If you have the luxury of good health at 97 years old, it’s easy to imagine how cliche’ one question might become. That question — “what’s the secret to long life” is probably one Kingsport’s Bob Miller hears all too often. As one of our state’s few nonagenarian treasures, he surprisingly never gets tired of sharing his advice.
This question and others were on my mind when we walked a couple of miles on the Kingsport Greenbelt recently, something he still completes at least once or twice a week. Each generation seeks insights to longevity. There’s plenty of opinions too. From diets to exercise and the more sublime modern ideas like Ray Kurzweil’s notion of the coming “singularity” and immortality.
Sometimes, the best answers are right in front of us.
A native of Chester, South Carolina, Bob moved to Kingsport in 1948. He graduated from the University of North Carolina with his first job being at Eastman Kodak; he’s lived here ever since. Although he looks like he’s in his 70’s, his conversation is heightened by his gliding southern accent and are enchanting aspects of his distinctive character. He is bright, intelligent and answers questions without hesitation.
“Take advantage of your opportunities.”
Working at Eastman in a variety of roles from research to marketing, Bob describes the opportunities that kindled a love for hiking.
“I’ve had the opportunity to make some terrific hiking trips mainly because I was in the Eastman Hiking Club. Some of those were outlandish, but they still proposed it and I was either smart enough or dumb enough to go and I’m glad I did.”
With his first hiking trip in Switzerland, Bob has climbed peaks from the highest point in the “lower 48” at Mt. Whitney (14,505 feet) in the Sierra Nevada’s to hiking with his granddaughter in the Colorado Rockies. He believes these opportunities have helped him live a long life. That…and “good genes.”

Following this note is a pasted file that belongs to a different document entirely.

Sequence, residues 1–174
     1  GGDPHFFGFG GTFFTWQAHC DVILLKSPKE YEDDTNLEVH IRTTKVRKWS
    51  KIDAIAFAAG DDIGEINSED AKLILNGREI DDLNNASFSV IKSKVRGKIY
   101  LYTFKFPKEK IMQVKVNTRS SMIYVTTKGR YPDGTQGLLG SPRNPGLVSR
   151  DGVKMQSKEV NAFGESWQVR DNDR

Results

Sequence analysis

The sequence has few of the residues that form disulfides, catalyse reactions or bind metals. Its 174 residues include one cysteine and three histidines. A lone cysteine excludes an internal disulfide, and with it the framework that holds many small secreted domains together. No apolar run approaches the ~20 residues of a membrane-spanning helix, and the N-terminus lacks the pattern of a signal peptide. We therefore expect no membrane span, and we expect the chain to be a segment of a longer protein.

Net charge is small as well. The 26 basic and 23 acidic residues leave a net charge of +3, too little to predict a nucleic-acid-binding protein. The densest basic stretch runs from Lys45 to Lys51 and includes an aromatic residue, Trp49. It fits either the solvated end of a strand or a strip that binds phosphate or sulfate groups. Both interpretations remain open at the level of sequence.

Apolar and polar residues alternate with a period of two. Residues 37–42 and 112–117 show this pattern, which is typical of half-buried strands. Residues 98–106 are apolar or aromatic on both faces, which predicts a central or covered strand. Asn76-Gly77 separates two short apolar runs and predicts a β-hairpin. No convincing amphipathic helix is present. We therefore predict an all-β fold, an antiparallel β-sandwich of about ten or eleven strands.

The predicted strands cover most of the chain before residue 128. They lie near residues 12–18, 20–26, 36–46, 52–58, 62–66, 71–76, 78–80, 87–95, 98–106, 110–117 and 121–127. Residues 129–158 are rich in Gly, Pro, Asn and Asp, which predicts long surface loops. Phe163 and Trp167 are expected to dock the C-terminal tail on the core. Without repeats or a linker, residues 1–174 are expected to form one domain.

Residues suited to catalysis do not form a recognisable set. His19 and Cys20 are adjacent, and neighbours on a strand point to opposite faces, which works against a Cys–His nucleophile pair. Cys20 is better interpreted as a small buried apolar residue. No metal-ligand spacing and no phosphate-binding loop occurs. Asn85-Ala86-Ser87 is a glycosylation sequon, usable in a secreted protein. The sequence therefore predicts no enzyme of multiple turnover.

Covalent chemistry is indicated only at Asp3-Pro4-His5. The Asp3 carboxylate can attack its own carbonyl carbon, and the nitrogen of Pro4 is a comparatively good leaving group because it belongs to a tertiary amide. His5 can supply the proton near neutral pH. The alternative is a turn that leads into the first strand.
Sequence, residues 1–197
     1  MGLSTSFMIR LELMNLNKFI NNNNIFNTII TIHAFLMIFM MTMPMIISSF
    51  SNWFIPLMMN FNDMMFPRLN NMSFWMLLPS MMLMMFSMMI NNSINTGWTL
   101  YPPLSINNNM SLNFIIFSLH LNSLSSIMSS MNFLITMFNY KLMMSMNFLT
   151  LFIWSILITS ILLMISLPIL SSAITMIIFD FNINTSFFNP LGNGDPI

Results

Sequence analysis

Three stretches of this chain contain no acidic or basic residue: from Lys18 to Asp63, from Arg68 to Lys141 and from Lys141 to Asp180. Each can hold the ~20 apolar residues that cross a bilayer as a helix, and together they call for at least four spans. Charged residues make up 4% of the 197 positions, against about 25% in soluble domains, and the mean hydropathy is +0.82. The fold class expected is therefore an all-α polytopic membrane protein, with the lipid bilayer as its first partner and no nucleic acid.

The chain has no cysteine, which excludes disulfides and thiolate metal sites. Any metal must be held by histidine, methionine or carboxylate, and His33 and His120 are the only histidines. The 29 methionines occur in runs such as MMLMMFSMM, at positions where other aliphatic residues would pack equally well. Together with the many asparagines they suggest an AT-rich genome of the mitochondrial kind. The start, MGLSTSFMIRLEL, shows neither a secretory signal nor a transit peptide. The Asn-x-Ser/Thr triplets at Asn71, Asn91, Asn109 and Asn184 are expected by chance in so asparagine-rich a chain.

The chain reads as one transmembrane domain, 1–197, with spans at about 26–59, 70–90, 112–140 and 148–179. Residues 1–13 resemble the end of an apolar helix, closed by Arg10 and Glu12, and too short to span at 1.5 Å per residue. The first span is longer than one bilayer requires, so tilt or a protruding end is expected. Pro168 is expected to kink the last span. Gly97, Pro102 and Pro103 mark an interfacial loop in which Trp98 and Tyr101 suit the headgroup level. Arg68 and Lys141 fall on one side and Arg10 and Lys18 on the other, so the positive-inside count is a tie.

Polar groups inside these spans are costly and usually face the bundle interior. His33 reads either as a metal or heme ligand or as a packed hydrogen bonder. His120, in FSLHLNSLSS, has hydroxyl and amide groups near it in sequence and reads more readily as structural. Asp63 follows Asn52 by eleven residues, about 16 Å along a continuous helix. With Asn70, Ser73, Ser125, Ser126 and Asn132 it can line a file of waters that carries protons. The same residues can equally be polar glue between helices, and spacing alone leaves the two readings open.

He continues, “A lot of people have good intentions, but they don’t always bring them into play. They say — we’ll go next time. There may be no next time.”
These days, Bob walks the Kingsport Greenbelt once or twice a week. He walks 2 to 3 miles at a quick pace and greets everyone he meets with the persona of a Southern gentleman, “Howdie, Howdie.” He is also a member of the Old Timer’s Hiking club and leads hikes every quarter around the lake at Bay’s Mountain and other locations throughout the region.
Bob loves his home here in the mountains too. When he describes his hikes, he is delighted to describe with detail, the wildlife, native birds and his favorite subject — wildflowers. He recants his discovery of a variety of native trilliums, wild orchids and his favorite, the pink lady slipper which he finds often on his ventures near Tazewell, TN.
“I’m unusually lucky to have good health — I’m very seldom sick. The good Lord has provided it and I think it’s my responsibility to use it.”
The afternoon was warm and we proceeded to consider other topics of similar interest. Besides good health, I also had the opportunity to ask a few more questions.
Who was the best president?
“A lot of people didn’t like him at the time, but Roosevelt changed the landscape by providing more jobs through programs like the Seabees. He also adds, “I liked Truman too.” “I didn’t think he was that good of guy. He and Bess drove home by themselves with no pension and not the least bit concerned.”
What’s the worst part about getting old?
“The people at Hallmark should offer a six-pack of sympathy cards. You spend a lot of time attending funerals.”
With all the changes in technology, what would you consider the most important invention of your life?
“The radio was fascinating. I remember my dad coming home from a sales meeting in the 1920s with a radio the size of a brick. We’d all gather around that for hours. It was marvelous?”
What was the most important decision you ever made?
Without hesitation, Bob answers — “Marrying my wife.”
After 72 years of marriage, Bob still lives with his wife Doris at Baysmont. She’s 94 and they continue to color our community with the grace of a life well-lived.
The United States has experienced a dramatic increase in the number of people who live to be 100 years of age. Today, that number represents .02% of the population. With better healthcare and small starts to improve nutrition, fitness and reduce smoking, this percentage is forecasted to improve even more in the coming years.
Bob Miller is a living example of the what it takes to live the good life. He’s an inspiration too. Considering his challenge to “take advantage of your opportunities,” he sums up a life well-lived and one that goes way beyond the average.